Population Dynamics – Practical 2 Report Divya Krishnamohan Student ID: 200292988

K- Factor Analysis:
The holly-leaf miner (Phytomyza ilicis) Practical 2 Report

POPULATION DYNAMICS BLGY 5101 (MSc. Biodiverity & Conservation) Divya Krishnamohan Student ID: 200292988

Population Dynamics – Practical 2 Report Divya Krishnamohan Student ID: 200292988

K- Factor Analysis: The holly-leaf miner (Phytomyza ilicis)
Introduction:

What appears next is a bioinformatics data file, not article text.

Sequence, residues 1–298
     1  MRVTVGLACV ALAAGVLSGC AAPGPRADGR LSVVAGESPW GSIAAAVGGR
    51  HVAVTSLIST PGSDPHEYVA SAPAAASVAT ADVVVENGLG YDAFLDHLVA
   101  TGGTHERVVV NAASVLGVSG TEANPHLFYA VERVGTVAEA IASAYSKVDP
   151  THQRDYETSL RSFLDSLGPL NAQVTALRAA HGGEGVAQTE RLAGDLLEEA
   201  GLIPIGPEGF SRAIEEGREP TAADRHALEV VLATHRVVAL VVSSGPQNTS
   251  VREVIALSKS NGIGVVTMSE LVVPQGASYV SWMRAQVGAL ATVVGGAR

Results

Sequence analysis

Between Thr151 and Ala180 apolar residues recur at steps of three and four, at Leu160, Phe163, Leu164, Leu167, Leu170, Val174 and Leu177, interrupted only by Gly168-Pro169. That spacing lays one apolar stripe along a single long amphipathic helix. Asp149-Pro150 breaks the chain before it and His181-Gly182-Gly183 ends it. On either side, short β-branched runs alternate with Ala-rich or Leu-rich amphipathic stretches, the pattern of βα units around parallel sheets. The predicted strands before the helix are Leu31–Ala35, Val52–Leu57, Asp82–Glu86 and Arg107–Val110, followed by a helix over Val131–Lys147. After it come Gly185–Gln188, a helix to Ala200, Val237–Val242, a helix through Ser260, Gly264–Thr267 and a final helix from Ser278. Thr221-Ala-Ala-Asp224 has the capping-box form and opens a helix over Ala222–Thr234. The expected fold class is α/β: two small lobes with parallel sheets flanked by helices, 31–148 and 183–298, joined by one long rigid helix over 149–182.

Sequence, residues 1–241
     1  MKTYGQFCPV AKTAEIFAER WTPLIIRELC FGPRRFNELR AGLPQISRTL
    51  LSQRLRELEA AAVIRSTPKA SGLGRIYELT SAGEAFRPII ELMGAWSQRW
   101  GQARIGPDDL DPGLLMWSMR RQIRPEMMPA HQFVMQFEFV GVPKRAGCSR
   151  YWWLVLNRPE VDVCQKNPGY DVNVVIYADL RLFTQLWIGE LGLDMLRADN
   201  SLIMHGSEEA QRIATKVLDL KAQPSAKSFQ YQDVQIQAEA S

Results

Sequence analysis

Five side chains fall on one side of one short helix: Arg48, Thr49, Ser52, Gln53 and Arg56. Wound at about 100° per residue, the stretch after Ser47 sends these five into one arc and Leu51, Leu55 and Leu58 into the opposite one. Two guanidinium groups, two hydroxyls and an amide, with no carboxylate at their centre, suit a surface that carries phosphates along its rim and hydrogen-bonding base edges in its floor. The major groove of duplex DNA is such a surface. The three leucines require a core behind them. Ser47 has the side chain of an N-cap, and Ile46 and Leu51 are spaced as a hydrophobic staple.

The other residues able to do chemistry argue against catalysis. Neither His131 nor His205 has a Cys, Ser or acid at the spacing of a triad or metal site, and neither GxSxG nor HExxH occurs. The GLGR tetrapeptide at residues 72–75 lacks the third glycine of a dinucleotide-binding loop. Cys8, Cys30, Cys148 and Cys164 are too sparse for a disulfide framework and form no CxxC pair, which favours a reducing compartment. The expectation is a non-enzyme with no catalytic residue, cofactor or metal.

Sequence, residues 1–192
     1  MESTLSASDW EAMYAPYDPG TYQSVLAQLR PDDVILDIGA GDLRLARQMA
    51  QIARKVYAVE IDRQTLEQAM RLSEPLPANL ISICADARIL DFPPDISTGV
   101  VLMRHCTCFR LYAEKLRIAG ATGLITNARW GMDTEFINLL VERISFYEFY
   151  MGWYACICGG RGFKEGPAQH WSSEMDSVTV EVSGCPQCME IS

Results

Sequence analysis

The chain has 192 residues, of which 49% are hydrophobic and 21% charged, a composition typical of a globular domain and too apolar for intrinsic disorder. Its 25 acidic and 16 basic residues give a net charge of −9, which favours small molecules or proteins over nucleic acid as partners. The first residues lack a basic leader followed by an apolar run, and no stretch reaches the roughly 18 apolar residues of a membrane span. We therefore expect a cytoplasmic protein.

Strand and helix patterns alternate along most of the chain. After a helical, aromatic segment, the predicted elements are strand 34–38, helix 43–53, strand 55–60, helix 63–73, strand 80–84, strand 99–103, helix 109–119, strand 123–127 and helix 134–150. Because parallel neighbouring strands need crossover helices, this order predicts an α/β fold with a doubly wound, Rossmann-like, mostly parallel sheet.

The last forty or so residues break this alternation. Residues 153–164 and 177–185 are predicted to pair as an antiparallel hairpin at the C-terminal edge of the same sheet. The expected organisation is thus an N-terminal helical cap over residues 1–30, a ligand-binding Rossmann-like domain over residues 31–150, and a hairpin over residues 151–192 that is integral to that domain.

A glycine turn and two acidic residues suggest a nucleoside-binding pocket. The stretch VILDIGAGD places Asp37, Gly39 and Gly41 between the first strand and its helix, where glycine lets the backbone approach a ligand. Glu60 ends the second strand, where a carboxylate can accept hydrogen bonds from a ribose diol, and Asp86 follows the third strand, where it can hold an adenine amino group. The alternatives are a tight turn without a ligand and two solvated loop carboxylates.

The aim of this study is to determine the major causes of mortality in the holly-leaf miner (Phytomyza ilicis) in the area of Leeds, by performing a k-factor analysis on data obtained by dissecting local holly leaves. The k-factor analysis is used to identify which of several mortality factors contribute most significantly towards determining the population size of P. ilicis, as well as whether the mortality factors involved are density dependent. Life Cycle of P. ilicis The holly-leaf miner is an agromyzid fly. During June, the female fly lays a single egg on the base of the midrib on the underside of the leaves of the holly tree (Ilex aquifolium). When the larva hatches, it slowly eats its way through the central tissue and eventually into the outer parenchyma, where it remains beneath the epidermis, feeding on the parenchymatous tissue. The ‘mine’ so formed appears irregularly shaped and pale in colour, attaining its maximum size in the month of March. Before pupating, the larva prepares a thin triangular area on the leaf cuticle against which it fits a hinged emergence plate. The larva then forms a puparium which lies pressed against the epidermis, with its anterior spiracles projecting through the attenuated area of the cuticle. The adult form emerges from the puparium by breaking through the hinged plate. The emergence of the adult is therefore identifiable on the leaf surface by a characteristic raised triangular flap. During its larval phase, P. ilicis is subject to various threats to its survival. Several hymenopterous wasps parasitise either the larva or the pupa of P. ilicis and can be identified by the presence of a pupa characteristic of the parasitic species, or the presence of an emergence hole (usually a neat, round hole) that differs from that made by adult P. ilicis. Another significant cause of mortality (especially during the last instar) is bird predation. The blue tit (Parus caeruleus), in particular, is adept at ripping open mines and feeding on the larvae. A mine surface that is torn is indicative of bird predation. Further, an unknown number of diseases are seen to affect the holly-leaf miner larvae and pupae. An intact mine or puparium containing no intact insect usually indicates that the individual has succumbed to some disease. In the following study, leaf mines present on leaves from 9 different holly trees were dissected and the fate of the insect determined. The number of survivors (successful emergents), and number of deaths attributed to parasitic wasps Chrysocharis gemma, Chrysocharis syma and Sphegigaster flavicornis; bird predation; larval disease; and pupal disease were recorded. The data were then analysed to identify the key factors of mortality influencing the population of P. ilicis under study.